I went on a hike one time with a guy like this. He decided that a bunch of kids in that troop needed to do the nature ID and the 2nd Cl 5 mile hike, so he'd combine the two and lead them (yes, he is an adult, telling the boys "you're going to do this." So much for boy-led.) That fellow then proceeded to kill any spark of interest the kids had in both hiking and in identifying what they saw, by methodically ticking off, as we marched (single file), "that's a aaa, that's a bbb" etc. Not only that, but he was WRONG most of the time. His goal was to get 'er done and look like he know what he was talking about, not to help boys explore the wonders of nature and use a book as a resource. No, he set himself up as THE authority, all on the basis of a book in his hand and a printed list from the web that he distributed at the start, telling the boys what 10 trees they would be seeing that day. Some of those trees would be quite rare in my part of the country. It was rather obvious this guy had no idea what he was talking about.


Now I know you'll complain that he was just one case and clearly poorly trained or not trained (actually I checked, this fellow had NLE, OLS, troop committee, and SM fundamentals or whatever the classroom version was then called). True, it is just one person. But I have met too many others like him, especially in cubs and working with younger boy scouts at the first three ranks. For these types, they think that just picking up a book makes them an instant expert and they're doing a real dis-service to the kids.



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LisaBob you wrote that "that many (most?) scouters are really not well equipped to identify trees and animal signs, let alone to teach kids to do the same."


Now it seems that your generalization is based on watching a TV show and a bad day hike with a particular leader. That hardly establishes a trend that many of most Scout leaders model a "fake it till you make it" approach to nature study as you have declared.


To bash most of 1.2 million leaders based on your limited knowledge of what "many or most" leaders do, and on your very limited exposure to the situation is an unfair and inaccurate representation of the program and its leaders.



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I worked in Ohio for about five years, but I've never been to Seven Ranges - it just came up after a Google search for the Burroughs Award. It sounds like a program worth stealing.... err, borrowing. :-)


I find it fascinating, in a horrifying sort of way, that Scouting has two stances on consuming wild foods.


From the Boy Scout Wilderness Survival merit badge: "Explain why it usually not wise to eat edible wild plants or wildlife in a wilderness survival situation."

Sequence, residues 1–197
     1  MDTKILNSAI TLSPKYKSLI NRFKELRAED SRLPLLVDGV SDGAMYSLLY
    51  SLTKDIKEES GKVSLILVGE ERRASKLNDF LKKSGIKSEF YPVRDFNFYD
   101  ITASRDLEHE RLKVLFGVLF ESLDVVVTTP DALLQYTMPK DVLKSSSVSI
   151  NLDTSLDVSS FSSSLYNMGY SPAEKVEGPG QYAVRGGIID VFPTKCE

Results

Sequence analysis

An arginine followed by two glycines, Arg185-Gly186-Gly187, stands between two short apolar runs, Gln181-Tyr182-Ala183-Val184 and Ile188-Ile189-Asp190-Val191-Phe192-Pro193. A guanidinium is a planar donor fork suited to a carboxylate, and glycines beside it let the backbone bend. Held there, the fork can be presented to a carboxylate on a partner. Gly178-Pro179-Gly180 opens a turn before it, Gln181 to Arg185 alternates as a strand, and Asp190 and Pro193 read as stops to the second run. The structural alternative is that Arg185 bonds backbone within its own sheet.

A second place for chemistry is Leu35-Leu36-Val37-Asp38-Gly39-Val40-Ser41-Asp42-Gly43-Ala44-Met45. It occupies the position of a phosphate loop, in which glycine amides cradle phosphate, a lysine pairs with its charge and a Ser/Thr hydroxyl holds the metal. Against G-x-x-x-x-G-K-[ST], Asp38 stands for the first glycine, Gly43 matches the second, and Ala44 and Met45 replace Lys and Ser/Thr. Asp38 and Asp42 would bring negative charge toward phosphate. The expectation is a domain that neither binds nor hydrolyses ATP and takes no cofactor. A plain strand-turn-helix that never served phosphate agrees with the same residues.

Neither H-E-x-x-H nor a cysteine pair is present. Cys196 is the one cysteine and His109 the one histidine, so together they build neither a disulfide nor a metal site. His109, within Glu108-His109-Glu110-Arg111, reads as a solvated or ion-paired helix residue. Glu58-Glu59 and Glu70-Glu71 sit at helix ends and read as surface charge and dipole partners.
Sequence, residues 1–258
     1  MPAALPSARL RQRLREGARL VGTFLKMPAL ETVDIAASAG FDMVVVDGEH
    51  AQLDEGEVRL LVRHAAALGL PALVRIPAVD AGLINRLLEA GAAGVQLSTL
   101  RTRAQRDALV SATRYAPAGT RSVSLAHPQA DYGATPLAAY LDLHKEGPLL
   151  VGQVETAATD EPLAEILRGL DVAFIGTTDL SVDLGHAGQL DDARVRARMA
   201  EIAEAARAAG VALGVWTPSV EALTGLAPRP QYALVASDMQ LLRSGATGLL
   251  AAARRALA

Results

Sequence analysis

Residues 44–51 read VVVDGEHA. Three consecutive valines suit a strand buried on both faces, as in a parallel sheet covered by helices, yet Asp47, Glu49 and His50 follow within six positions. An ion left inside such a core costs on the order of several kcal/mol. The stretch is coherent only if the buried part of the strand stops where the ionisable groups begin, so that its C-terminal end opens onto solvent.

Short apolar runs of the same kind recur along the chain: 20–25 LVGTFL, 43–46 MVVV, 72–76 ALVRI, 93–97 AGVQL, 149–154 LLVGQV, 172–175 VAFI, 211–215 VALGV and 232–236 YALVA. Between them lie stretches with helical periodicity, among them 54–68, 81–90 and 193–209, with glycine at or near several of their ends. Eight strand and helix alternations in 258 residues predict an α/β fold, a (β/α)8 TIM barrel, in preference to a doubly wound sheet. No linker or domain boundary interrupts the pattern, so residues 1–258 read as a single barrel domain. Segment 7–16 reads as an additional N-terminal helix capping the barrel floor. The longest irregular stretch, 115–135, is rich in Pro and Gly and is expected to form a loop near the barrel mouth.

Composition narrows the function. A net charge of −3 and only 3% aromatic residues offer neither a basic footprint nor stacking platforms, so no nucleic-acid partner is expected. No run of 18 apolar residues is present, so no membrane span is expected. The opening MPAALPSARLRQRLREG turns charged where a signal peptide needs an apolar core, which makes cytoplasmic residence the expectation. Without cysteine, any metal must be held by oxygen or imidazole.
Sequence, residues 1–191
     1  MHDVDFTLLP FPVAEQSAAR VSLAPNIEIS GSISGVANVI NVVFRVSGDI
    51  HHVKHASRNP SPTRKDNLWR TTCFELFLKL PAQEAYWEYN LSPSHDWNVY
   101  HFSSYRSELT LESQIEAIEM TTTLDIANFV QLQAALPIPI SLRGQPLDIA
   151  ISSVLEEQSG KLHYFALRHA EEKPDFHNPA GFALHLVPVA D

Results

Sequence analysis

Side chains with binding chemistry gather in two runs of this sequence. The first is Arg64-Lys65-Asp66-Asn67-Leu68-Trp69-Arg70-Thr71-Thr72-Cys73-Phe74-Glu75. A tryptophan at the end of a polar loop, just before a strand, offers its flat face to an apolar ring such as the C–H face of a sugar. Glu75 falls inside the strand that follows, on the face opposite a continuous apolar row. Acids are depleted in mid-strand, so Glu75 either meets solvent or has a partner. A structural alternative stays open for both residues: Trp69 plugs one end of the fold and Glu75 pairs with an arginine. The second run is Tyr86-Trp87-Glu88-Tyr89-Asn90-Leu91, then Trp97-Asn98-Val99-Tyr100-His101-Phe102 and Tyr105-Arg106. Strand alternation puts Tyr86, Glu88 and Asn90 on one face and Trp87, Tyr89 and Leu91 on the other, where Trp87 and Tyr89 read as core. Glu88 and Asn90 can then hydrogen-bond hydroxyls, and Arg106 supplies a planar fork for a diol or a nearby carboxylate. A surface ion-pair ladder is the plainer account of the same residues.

From the Venturing Ranger Award Wilderness Survival core requirements: "Explain the usefulness and drawbacks of obtaining food in the wilderness, including things to avoid. Prepare and eat at least one meal with food you have found in the outdoors."


Yes, I know that Venturing and Boy Scouts are two separate programs; yes, I know the Ranger Award is designed for a higher level of skill proficiency than merit badges. But since the Venturing model is based on outside consultants, there's no firm standard.

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If everyone on this board avoided generalizations about leaders, Scouts, councils, districts, professionals, the OA, Venturing and summer camps because they haven't interviewed a majority of the 1.2 million leaders out there, the only forum that would be thriving would be Issues & Politics. (And yes, that is a sweeping, overly-broad generalization - for the purpose of making a point.)


For what it's worth, many if not most of the Scouters I have encountered in my neck of the woods would fall under what Lisabob describes. (And that includes me! I can cover the basics, but I know enough to know that I don't know everything.) The folks who really like going outdoors and whose units have a good, active outdoor program are interested in pioneering, backpacking, watersports. Conservation and ecology are relatively low on the list of areas of expertise.


FYI, NPR is radio, not TV.

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I've seen many instances similar to the one Lisabob described (and GaHillBilly for that matter). But my observations are confined to this region. I'm willing to entertain the possibility that Yankees are better at natural history. :)


Edited part: OK, as long as the 'shroom thing has, well, pushed up from its mycelium, I really like the story of Amanita muscaria. If you just eat a little, the poisonous alkaloids merely cause hallucinations. Siberian shamans at one time would 'do' these 'shrooms and in order to prolong the experience, they would collect each other's urine and drink it thus recycling the alkaloids. Mmmmmmm.


My favorite is the one that you eat accidentally (the deadly webcap), then days or weeks after it is too late, the symptoms set in and renal failure concludes in a horrible, writhing-in-agony death. Is that COOL or what?

Better yet, they're easily confused with and in the same habitat as chantarelles. 'Shrooms are way cool.

Bon Apptit!


Hey, no problem. I DID say that, Bob. But thanks for telling me to do what I already did anyway.(This message has been edited by packsaddle)

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If the scouts in your community have poor outdoor skills then say that. But to transfer the characteristics or failing of the few local leaders you know to all the leaders in the nation, or even to most the leaders in the nation, based on such minimal evidence is a sloppy generalization at best.


Sorry, I should have said radio program when pointing out her minimal exposure to any evidence that a problem exists with many or most leaders in the BSA when it comes to teaching about nature, not a TV show.